While employees at LaFollette Utilities (LUB) and Campbell County’s highway department were tracking weather patterns in anticipation of power outages and slick streets, local students were hoping the snowy weather would bring them a reprieve from classes.
Despite awaking to clear skies and dry roadways Tuesday morning the doors of area schools remained closed for the day.
“Most people probably thought the decision to close schools was related to the snow that was forecasted, but this (school closings) just happened to be coincidental with the weather,” Dr. Michael Martin, director of schools, explained.
According to Martin, he was notified by David Wright, maintenance supervisor, around 10 p.m. Monday there was a problem with the electricity at Campbell County High School.
After some investigation maintenance staff discovered sparking in one of the school’s main breaker panels.
“I just told them to shut the power down in order to prevent the risk of electrical fire,” the director said.
Martin said the increased load on the school’s electrical system caused by colder weather may have contributed to the problem.
Although the remainder of the county’s schools reported no issues, Martin said the decision to close all schools was necessary.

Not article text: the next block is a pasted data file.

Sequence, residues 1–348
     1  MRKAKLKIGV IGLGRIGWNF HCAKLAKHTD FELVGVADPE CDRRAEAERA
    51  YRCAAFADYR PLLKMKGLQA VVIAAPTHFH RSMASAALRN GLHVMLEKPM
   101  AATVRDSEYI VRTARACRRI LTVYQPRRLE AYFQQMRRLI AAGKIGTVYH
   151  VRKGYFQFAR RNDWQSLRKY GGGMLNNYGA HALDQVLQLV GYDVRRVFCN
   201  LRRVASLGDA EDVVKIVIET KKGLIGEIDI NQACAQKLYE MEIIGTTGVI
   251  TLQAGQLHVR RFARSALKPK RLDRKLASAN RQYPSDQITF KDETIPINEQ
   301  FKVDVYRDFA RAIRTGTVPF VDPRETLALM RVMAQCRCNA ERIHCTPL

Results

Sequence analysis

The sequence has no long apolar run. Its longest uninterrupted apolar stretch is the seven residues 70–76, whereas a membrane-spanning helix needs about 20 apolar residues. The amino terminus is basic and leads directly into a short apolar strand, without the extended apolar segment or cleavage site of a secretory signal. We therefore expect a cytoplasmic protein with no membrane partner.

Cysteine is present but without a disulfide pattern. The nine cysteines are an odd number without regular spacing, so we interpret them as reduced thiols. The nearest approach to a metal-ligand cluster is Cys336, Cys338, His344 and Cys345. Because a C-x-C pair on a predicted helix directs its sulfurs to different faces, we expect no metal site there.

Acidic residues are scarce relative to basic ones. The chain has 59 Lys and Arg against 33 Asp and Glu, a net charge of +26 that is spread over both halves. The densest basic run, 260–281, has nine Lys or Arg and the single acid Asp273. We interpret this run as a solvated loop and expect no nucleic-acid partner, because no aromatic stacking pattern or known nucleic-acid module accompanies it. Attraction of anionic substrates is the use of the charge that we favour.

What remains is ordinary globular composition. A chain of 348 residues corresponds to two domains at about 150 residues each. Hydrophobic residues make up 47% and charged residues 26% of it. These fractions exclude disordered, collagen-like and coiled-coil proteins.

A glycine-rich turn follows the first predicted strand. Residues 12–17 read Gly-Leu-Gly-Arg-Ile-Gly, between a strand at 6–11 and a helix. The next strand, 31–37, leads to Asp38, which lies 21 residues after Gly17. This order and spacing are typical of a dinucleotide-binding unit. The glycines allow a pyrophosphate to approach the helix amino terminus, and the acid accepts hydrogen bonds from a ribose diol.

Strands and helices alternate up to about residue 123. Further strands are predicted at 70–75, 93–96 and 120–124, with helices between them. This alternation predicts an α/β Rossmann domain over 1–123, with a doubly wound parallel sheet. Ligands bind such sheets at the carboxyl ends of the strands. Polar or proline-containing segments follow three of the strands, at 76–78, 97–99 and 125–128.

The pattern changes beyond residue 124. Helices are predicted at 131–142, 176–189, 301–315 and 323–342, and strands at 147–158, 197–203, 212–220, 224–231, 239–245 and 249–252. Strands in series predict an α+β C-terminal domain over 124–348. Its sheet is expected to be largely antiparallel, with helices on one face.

“State law says that if you shut one school down you have to shut them all down,” Martin stated.
Bussing schedules also factored into the decision to close county schools on Tuesday.
“The bussing patterns at the high school and other county schools are interrelated. Closing only the high school would have impacted many other school’s bus schedules,” Martin explained.
So while students were enjoying an unexpected, albeit short vacation, LUB and the Campbell County Highway Department were breathing a sigh of relief knowing that while weather related problems didn’t interrupt daily activities, crews and equipment are ready for whatever winter brings.
According to Lendon Shelton, LUB electric operations supervisor, line crews are well trained and prepared to restore power anytime inclement weather hits.
“Our strategy is to make repairs to the most densely populated areas first,” Shelton said, explaining that it may take longer to restore power to less populated, remote areas.
Shelton said mountainous areas often take the longest to repair due to rough terrain and an inability to get equipment in to downed power lines.
County Road Superintendent Dennis Potter also said his employees are ready to make roadways passable should foul weather strike.
“Our plows and equipment are ready and we have our gravel crushed and ready to go,” Potter said.
Cost effectiveness is one of the main reasons the county uses crushed gravel instead of salt.
“Salt is $160 per ton and we can crush gravel for $3 a ton,” Potter said, explaining one of the benefits of using gravel.
The highway department has 33 employees and 12 trucks at the ready should bad weather arise.
“Everybody knows that they’re on call. We feel like we need to be prepared for small snows as well as the big ones,” Potter stated.